YouTube Joins the Fray With Over-the-Top TV Service Plans

Steve Granitz/WireImage
YouTube CEO Susan Wojcicki

If successful, YouTube Unplugged would join a growing number of online TV businesses.

YouTube is the latest of a growing number of streaming companies looking to compete in the live TV space. 

The Google-owned streamer has been developing a new over-the-top service dubbed YouTube Unplugged that would allow subscribers to watch live broadcast and cable TV content without a cable subscription, sources familiar with the plans tell The Hollywood Reporter

Like many digital companies, YouTube has explored an offering like this for a number of years, but these sources say that efforts on YouTube Unplugged have come about more recently. 

YouTube's renewed interest in creating a live TV service was first reported by The Wall Street Journal in February, but Bloomberg reported Wednesday that the service's target price point is less than $35 and that the streamer is targeting a 2017 launch. According to the report, YouTube has held talks with a number of media companies, including NBCUniversal, Viacom, 21st Century Fox and CBS, but has yet to lock down rights to particular shows or networks. The company is considering several different iterations of bundled content.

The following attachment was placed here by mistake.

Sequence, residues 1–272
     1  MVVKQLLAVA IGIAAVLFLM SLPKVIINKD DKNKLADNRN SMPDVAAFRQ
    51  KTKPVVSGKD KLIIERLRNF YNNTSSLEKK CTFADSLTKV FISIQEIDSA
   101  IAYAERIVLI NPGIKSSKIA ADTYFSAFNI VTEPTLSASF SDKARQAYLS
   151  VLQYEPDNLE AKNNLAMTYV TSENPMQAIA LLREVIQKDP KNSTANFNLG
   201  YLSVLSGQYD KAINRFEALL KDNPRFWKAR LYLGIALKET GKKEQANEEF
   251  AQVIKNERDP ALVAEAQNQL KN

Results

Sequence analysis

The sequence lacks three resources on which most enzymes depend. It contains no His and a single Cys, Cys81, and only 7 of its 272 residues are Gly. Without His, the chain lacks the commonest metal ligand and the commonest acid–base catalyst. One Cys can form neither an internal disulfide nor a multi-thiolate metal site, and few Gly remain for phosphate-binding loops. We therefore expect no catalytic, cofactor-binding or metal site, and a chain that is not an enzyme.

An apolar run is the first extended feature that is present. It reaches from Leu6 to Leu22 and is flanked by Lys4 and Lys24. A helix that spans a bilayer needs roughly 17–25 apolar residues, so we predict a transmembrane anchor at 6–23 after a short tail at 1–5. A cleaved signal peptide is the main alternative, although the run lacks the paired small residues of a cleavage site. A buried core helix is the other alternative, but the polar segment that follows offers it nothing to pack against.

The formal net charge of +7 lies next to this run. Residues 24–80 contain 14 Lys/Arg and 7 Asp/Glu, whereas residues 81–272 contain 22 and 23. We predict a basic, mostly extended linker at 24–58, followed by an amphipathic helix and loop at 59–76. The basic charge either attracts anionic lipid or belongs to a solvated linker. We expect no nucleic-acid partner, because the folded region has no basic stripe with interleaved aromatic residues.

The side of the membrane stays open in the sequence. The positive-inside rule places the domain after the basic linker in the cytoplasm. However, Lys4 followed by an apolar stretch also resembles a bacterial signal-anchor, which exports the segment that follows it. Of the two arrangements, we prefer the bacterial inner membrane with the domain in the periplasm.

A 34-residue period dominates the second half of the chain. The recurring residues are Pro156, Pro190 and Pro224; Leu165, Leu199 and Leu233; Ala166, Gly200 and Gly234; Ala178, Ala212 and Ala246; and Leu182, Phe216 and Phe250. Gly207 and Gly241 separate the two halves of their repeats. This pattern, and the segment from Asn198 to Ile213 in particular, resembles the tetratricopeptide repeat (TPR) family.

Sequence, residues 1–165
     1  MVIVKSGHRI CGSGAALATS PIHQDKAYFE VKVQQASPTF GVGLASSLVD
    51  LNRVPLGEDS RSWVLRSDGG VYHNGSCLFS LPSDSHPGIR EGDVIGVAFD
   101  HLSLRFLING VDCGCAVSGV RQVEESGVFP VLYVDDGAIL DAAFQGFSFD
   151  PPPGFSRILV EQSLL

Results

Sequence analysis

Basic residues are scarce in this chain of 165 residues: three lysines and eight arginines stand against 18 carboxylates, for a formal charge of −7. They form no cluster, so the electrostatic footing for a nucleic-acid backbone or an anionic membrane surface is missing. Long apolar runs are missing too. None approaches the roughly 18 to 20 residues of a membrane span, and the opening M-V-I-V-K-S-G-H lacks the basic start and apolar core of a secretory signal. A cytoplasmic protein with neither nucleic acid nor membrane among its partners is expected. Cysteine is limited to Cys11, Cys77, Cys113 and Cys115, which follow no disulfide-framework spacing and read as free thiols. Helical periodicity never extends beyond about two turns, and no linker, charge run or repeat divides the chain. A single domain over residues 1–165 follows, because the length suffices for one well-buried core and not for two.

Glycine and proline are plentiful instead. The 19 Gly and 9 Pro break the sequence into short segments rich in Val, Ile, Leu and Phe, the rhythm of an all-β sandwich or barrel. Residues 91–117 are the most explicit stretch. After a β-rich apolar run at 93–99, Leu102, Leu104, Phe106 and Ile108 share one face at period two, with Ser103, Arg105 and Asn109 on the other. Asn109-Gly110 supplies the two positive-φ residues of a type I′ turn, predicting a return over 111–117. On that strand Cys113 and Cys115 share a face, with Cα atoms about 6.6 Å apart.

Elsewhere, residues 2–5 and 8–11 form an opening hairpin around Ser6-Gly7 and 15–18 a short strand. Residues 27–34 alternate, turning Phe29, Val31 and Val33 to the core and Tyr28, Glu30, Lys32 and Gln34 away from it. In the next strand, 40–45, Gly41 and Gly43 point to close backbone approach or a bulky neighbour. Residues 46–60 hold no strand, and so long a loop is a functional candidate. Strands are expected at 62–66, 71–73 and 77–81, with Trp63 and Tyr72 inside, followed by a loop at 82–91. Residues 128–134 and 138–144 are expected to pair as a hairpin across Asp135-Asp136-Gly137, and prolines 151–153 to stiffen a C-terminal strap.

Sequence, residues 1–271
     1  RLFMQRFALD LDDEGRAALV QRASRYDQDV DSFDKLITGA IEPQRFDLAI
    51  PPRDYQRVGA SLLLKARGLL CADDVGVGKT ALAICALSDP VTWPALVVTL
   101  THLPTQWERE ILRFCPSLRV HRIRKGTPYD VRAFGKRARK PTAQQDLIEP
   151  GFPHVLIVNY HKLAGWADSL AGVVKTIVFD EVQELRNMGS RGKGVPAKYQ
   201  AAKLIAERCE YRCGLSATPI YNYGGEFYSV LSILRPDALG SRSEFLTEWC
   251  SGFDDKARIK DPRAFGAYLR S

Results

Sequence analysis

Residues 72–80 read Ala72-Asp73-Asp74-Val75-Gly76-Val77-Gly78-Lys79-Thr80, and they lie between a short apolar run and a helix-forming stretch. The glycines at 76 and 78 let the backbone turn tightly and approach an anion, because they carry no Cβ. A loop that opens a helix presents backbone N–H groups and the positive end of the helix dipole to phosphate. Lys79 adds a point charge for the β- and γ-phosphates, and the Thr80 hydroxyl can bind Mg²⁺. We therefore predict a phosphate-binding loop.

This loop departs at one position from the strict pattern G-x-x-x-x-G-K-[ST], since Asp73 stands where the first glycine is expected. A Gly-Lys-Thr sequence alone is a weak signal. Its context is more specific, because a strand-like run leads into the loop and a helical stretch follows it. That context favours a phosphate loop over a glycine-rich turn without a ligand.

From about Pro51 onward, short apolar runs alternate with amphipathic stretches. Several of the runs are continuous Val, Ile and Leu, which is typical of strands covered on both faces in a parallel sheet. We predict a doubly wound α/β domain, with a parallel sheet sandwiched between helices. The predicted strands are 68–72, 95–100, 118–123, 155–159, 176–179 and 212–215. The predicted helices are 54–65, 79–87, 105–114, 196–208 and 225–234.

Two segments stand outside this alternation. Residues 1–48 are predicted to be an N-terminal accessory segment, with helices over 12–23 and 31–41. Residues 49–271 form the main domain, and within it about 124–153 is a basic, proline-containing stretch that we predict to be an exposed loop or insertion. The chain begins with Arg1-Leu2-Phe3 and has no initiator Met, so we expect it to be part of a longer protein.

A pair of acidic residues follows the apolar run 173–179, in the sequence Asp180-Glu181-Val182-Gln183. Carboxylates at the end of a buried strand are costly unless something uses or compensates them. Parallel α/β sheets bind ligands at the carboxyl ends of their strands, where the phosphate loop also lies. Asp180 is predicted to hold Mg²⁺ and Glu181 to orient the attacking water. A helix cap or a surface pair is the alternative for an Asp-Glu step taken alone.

YouTube is one of several companies that have expressed interest in taking a piece of the cable business. Hulu on Wednesday confirmed its plans for a live streaming TV offering in 2017. The company is said to be in talks with owners Disney, Fox and NBCUniversal about licensing content from their channels. 

Meanwhile, Dish launched SlingTV last year with a limited content offering for $20 a month, and PlayStation recently went nationwide with its Vue TV streaming service. Apple also has held talks with media companies about a skinny TV bundle, but those efforts appear to have stalled. 

For its first 10 years, YouTube relied solely on advertising revenue. But the company, led by CEO Susan Wojcicki, has made strides to add new revenue streams, launching ad-free subscription service Red in October. 

A YouTube spokeswoman declined to comment. 

 

comments powered by Disqus